Planting a Seed: How employers can help foster HSA adoption
Published on October 12th, 2022
Employers want to see their workers happy, healthy and thriving. In a competitive job market, they can’t afford not to offer a benefits package that supports overall health and well-being. Yet the reality remains, healthcare costs continue to rise, putting a strain on employers and employees alike.
A high-deductible health plan (HDHP) paired with a health savings account (HSA) is a great option for driving consumerism and potential savings, provided employees are given enough education and support. A variety of factors can affect their decision to adopt this kind of plan.
For one thing, if someone isn’t familiar with the concept of an HDHP, they’re likely to experience sticker shock when encountering their first deductible – which in 2023 will start at $1,500 for individuals ($3,000 for families), and can run much higher.
Employers can help defray some of this anxiety by contributing to their employees’ HSAs, a practice known as seeding. This can take the form of a lump sum upfront, a scheduled contribution (monthly, quarterly, per pay period, etc.), or a mix of the two. Research shows that employees are more likely to adopt and engage with seeded HSAs. It doesn’t take a huge contribution to help them feel supported and make choosing an HDHP a viable option.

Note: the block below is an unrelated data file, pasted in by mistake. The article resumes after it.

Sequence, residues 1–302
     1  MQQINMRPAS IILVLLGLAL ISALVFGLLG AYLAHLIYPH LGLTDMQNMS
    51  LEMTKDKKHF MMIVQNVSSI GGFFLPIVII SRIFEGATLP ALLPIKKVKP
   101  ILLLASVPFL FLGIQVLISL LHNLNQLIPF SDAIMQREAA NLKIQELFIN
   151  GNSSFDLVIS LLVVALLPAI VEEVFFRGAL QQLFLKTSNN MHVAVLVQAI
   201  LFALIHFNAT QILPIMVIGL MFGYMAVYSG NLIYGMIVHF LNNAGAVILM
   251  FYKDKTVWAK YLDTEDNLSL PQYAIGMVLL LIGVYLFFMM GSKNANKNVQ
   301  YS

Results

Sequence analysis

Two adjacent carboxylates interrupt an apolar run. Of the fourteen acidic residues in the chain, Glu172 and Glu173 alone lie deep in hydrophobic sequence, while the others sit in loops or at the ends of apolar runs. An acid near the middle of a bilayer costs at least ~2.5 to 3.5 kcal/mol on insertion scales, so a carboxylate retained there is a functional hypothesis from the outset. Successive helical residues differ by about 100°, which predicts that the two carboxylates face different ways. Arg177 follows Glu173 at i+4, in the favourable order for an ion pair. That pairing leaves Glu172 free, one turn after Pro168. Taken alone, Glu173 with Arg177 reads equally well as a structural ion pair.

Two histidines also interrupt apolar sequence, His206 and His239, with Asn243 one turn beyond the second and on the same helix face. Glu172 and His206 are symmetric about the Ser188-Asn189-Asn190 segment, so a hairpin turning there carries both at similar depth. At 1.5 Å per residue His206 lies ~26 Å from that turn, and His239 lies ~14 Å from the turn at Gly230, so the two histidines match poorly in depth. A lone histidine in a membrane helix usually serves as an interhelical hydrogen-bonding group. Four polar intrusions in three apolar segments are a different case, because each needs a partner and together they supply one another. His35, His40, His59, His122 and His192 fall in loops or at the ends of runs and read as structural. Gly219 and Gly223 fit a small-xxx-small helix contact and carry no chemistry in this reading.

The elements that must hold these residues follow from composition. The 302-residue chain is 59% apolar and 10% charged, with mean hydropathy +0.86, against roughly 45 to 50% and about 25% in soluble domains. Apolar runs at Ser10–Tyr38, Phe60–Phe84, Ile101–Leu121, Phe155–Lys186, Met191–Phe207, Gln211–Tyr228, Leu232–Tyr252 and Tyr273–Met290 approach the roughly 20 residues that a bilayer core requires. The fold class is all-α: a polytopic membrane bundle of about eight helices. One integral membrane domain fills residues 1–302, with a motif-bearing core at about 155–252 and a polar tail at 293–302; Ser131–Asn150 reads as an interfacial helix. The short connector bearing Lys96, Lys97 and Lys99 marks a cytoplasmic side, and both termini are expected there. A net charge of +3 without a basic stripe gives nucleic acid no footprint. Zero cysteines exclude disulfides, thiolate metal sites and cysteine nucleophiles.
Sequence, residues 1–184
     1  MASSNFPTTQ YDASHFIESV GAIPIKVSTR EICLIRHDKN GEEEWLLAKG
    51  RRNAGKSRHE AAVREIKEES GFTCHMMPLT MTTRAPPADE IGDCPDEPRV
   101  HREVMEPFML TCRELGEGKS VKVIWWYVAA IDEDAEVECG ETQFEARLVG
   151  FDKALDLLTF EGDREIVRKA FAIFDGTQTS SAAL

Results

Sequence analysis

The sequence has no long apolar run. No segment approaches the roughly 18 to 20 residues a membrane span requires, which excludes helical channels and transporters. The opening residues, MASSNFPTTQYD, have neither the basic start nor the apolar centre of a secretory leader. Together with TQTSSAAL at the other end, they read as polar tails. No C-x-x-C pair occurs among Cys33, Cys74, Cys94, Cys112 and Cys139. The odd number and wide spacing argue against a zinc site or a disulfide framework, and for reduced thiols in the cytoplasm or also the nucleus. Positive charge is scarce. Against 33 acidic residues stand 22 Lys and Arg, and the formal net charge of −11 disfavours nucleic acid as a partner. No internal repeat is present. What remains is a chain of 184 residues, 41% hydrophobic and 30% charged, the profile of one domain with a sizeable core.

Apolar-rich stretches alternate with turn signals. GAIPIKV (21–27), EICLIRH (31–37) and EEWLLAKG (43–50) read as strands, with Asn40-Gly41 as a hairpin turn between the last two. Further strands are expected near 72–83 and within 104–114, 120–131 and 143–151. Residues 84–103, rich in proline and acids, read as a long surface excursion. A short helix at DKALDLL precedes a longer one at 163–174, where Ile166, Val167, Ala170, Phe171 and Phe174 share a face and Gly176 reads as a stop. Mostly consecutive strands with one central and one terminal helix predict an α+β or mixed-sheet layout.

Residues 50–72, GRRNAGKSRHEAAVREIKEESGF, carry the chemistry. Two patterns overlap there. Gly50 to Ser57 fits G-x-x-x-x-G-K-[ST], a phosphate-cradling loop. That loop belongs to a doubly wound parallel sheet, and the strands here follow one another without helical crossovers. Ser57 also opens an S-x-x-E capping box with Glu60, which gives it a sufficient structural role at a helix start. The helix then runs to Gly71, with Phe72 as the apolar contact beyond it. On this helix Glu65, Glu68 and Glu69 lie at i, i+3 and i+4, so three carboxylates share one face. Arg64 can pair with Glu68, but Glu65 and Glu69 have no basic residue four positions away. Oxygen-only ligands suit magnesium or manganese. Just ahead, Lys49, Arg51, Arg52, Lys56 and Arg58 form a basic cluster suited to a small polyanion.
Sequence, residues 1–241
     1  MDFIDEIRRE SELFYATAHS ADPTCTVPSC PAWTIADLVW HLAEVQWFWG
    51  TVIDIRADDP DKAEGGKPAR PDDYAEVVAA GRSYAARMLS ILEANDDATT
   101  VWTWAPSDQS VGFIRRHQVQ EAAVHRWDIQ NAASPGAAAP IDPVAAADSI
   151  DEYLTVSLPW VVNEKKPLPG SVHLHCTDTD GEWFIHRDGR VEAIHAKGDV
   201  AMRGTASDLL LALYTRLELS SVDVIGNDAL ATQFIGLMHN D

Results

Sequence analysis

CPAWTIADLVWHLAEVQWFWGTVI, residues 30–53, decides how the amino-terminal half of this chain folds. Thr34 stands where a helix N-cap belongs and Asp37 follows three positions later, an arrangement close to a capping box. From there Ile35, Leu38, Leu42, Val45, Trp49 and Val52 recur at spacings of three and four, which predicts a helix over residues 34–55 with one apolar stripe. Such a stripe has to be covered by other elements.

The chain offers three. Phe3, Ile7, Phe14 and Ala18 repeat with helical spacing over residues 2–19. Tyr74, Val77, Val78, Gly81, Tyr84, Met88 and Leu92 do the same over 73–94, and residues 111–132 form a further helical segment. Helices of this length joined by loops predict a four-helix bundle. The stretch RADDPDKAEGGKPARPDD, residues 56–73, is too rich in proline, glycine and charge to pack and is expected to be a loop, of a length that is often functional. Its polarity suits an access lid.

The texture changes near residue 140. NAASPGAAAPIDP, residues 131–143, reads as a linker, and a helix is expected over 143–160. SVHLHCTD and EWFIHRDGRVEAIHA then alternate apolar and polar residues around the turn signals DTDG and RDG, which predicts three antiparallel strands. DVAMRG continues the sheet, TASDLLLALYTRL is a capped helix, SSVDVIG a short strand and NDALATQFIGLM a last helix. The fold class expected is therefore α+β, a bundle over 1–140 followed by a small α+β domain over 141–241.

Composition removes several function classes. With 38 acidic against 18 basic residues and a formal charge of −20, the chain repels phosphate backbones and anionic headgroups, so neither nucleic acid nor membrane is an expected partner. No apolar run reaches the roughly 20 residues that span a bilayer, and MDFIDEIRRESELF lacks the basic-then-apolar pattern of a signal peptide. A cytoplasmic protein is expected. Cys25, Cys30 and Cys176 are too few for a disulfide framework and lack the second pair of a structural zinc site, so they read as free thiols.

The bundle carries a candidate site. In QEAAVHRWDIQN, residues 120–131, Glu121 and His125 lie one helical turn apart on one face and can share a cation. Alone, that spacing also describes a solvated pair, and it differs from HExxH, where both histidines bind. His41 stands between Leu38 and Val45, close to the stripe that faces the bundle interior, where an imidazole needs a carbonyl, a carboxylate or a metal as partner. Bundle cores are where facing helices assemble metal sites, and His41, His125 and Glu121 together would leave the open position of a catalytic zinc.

The practice of HSA seeding may seem expensive to employers, especially without a guarantee of adoption. However, companies can certainly find a sweet spot where seeding will still cost them less than if they were offering a PPO plan as well. HSAs also offer tax advantages for both employers and employees (HSA dollars are excluded from payroll tax), meaning these accounts can be a win-win for all parties.
“Aite-Novarica Group conducted a study in May 2022 that found employers contribute on average 29% of whatever funds are going into an HSA.” — Inci Kaya, strategic advisor, Aite-Novarica Group
Seeding isn’t the only way to encourage HSA adoption. Employers can also offer to match contributions, either dollar for dollar or on a percentage basis. Or, they can incentivize adoption by recognizing and rewarding milestones, such as when an employee renews their HSA for another year or reaches the investment threshold.
Some best-in-class open enrollment strategies have incorporated HSA seeding. To learn more this topic and other 2023 open enrollment trends, check out our recent webinar with Aite-Novarica Group.